Ghanaian journalists have been advised not to forget their core mandates as agenda setters to report human interests stories particularly on the vulnerable to engender developmental activities.
According to celebrated journalist and a lecturer at the University of Education, Winneba, Abdul Hayi Moomen, sensationalism has taken centre stage of the Ghanaian media space which has greatly affected the importance of churning out stories that will help improve the livelihoods of the ordinary Ghanaian.
“We’re the agenda-setters but we’re losing focus. It is time the media takes power back its power to feed its viewers with what it wants to feed them and not what the viewers want to see, read or hear. The viewers must not dictate to the media what it must air on daily basis,” he said on August 26, 2021,
While speaking at a training workshop for a core group of journalists, Mr. Moomen explained that both state and private-owned media houses must prioritise broadcasting human rights-based stories that put people at the heart of the events and raise awareness of worthy causes and help people to realise the real human impact of a whole host of issues.
“We have given the power to the audience. Instead of complimenting each other as media people, we compete with each other.
“If we have made a pledge to decriminalize poverty in the country, let us report on what is the real news and not what will please politicians” he charged.
The training workshop onDecriminalizing Vagrancy Laws and Advocacy, was under the auspices of Crime Check Foundation (CCF) and Open Society Initiative for West Africa (OSIWA) to strengthen the capacity of Ghanaian journalists in pushing for a social protection system for vagrants.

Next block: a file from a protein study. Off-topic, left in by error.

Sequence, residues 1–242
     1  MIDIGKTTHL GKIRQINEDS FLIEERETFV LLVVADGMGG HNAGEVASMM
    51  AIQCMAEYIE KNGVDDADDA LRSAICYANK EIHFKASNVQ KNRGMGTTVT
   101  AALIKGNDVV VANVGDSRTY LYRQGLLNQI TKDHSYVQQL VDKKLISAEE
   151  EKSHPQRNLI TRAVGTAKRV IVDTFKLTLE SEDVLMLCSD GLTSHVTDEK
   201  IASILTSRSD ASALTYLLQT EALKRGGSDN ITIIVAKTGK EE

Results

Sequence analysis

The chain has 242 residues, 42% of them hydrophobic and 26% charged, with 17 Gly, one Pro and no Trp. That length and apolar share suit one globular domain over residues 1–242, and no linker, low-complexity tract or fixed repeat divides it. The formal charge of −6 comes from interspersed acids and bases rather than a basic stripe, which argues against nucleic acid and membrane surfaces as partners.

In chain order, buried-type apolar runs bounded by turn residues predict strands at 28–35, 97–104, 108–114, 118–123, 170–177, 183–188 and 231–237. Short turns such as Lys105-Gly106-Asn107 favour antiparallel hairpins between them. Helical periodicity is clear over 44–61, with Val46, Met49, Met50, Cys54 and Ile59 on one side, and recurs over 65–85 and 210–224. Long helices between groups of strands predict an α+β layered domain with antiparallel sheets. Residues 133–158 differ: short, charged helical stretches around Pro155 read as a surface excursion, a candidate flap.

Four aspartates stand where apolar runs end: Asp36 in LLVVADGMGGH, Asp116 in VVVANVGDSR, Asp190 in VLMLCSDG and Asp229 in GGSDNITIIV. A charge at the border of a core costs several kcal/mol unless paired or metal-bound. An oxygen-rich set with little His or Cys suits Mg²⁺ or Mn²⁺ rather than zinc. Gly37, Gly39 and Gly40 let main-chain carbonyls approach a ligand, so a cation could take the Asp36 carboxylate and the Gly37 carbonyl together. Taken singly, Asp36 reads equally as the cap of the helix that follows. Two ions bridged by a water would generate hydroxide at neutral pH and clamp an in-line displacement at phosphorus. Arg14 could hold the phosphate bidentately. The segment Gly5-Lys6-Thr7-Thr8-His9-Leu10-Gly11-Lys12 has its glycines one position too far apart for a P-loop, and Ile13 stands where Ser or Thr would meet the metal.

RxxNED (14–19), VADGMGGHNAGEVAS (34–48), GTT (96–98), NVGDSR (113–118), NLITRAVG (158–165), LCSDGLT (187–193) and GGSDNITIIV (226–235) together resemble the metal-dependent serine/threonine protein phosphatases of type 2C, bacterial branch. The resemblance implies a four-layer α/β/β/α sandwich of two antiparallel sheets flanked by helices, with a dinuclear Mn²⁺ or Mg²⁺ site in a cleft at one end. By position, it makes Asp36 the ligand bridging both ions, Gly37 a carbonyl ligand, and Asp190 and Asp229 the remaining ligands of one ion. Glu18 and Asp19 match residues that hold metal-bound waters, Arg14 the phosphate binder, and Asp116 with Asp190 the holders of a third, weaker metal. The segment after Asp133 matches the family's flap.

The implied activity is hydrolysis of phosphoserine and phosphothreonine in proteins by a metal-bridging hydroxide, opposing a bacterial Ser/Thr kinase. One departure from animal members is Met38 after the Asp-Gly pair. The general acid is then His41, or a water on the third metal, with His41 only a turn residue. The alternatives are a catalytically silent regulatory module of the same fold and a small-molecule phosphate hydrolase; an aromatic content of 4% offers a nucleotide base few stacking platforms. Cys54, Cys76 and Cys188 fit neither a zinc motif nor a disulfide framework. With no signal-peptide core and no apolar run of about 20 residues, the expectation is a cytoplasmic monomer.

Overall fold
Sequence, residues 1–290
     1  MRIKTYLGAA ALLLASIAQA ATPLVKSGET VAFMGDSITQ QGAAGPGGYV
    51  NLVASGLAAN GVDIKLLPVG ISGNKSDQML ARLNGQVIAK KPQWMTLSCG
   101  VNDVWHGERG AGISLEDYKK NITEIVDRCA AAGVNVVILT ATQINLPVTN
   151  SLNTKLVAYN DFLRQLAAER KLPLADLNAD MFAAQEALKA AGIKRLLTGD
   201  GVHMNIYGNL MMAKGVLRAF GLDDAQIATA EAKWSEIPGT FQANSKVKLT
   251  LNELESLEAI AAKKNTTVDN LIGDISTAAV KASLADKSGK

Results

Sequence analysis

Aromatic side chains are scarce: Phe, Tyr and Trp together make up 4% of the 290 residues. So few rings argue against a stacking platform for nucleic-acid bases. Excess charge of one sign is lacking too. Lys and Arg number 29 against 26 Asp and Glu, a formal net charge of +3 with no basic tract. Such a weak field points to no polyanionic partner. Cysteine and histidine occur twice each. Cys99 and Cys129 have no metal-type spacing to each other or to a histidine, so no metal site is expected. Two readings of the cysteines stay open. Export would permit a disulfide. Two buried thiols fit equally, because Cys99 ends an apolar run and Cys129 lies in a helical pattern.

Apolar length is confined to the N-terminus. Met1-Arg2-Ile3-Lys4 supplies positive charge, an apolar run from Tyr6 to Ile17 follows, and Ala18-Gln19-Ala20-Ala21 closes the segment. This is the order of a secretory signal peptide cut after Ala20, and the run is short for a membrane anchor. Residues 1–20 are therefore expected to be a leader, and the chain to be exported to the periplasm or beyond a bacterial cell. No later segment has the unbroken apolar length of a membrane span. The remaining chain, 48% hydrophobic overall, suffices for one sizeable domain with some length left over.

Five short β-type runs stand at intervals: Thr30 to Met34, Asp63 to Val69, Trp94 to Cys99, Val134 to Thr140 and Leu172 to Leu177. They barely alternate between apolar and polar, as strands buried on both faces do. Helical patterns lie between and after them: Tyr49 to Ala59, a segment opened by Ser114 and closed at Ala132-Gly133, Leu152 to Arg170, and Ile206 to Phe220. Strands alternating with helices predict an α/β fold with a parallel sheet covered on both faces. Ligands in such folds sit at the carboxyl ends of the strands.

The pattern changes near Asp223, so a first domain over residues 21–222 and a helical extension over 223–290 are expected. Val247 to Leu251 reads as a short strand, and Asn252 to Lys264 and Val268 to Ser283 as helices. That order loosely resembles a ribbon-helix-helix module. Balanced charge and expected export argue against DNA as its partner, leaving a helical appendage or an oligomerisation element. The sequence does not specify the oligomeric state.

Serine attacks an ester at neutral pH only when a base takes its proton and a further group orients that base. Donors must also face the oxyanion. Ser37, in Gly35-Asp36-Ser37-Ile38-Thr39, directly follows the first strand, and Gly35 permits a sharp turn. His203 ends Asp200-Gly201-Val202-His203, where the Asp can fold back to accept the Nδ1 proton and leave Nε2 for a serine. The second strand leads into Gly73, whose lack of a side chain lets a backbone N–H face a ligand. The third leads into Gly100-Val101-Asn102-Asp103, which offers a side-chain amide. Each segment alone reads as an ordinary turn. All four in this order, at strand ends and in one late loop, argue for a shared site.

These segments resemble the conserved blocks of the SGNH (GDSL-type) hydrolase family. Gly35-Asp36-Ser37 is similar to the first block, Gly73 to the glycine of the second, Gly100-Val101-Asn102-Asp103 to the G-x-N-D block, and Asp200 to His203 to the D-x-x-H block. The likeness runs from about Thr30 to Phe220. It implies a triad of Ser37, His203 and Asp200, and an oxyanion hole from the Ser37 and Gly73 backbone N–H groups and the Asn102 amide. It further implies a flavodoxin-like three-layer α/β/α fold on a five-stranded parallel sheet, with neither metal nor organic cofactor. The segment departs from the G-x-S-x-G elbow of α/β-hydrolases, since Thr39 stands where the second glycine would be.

A total of 15 journalists was selected from three regions, Greater Accra, Ashante and Central take part in the one-day intensive training.
The training aimed at journalists stationed in these regions where vagrancy is high while linking their work to the broader perspective of the goal 16 of the 2030 agenda of the Sustainable Development Goals (SDGs).
A vagrant is a person who is homeless with no regular work thereby moving from one place to the other. They usually make a living from begging or hawking on the streets.
As a member state of the United Nations, Ghana is obliged to ensure access to justice for all by 2030.
The SDGs impose a responsibility on all the state and Justice Sector Institutions, the media, Civil Society Organisations (CSOs) and the citizenry to improve justice delivery and human rights for all Ghanaians by the year 2030.
Besides, the continued imprisonments of petty offenders due to their status is a violation of a ruling by the African Court on Human and People’s Rights’ on vagrancy laws on 4th December 2020 which stipulates that imprisonment of vagrants constitutes an abuse of their rights.
Although the participants of the CCF-OSIWA training workshop have produced reports in the past on these human rights issues, there is still a long way to go as very little progress has been made.
With just nine years to the expiration of this goal, there are many more dozens of poor people who end up in deplorable prisons for petty offences due to their inability to employ the services of a lawyer to represent them or even pay fines.
The training, therefore, has provided them with the basis to be actively involved in advocating for the decriminalisation of vagrancy laws and also tracking the implementation of Assembly bye-laws that seek to improve the livelihood of the citizenry.
It included a round table discussion with resource persons including a legal practitioner, project consultants and seasoned journalists.
The absence of a law that allows community service, means the poor in particular will end up in prison for petty offences; a status quo CCF and OSIWA want lawmakers to change.
The CCF-OSIWA Decriminalizing Vagrancy Laws and Advocacy project which started in May 2021 is expected to end in April 2022.
Original article can be found here: https://3news.com/report-human-interest-stories-journalists-told/